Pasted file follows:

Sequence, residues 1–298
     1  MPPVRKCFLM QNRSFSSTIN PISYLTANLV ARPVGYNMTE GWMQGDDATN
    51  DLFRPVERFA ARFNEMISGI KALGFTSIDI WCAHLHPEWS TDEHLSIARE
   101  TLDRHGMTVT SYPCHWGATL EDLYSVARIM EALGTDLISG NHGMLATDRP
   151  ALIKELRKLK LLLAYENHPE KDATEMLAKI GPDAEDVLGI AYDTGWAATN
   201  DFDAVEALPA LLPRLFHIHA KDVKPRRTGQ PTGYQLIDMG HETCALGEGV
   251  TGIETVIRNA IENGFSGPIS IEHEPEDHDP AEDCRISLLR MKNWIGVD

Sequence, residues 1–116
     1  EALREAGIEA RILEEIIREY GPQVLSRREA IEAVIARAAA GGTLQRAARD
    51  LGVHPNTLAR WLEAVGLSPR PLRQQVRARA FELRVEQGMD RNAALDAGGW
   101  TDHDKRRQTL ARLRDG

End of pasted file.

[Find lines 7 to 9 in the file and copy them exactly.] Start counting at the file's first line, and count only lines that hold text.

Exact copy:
   251  TGIETVIRNA IENGFSGPIS IEHEPEDHDP AEDCRISLLR MKNWIGVD

Sequence, residues 1–116
     1  EALREAGIEA RILEEIIREY GPQVLSRREA IEAVIARAAA GGTLQRAARD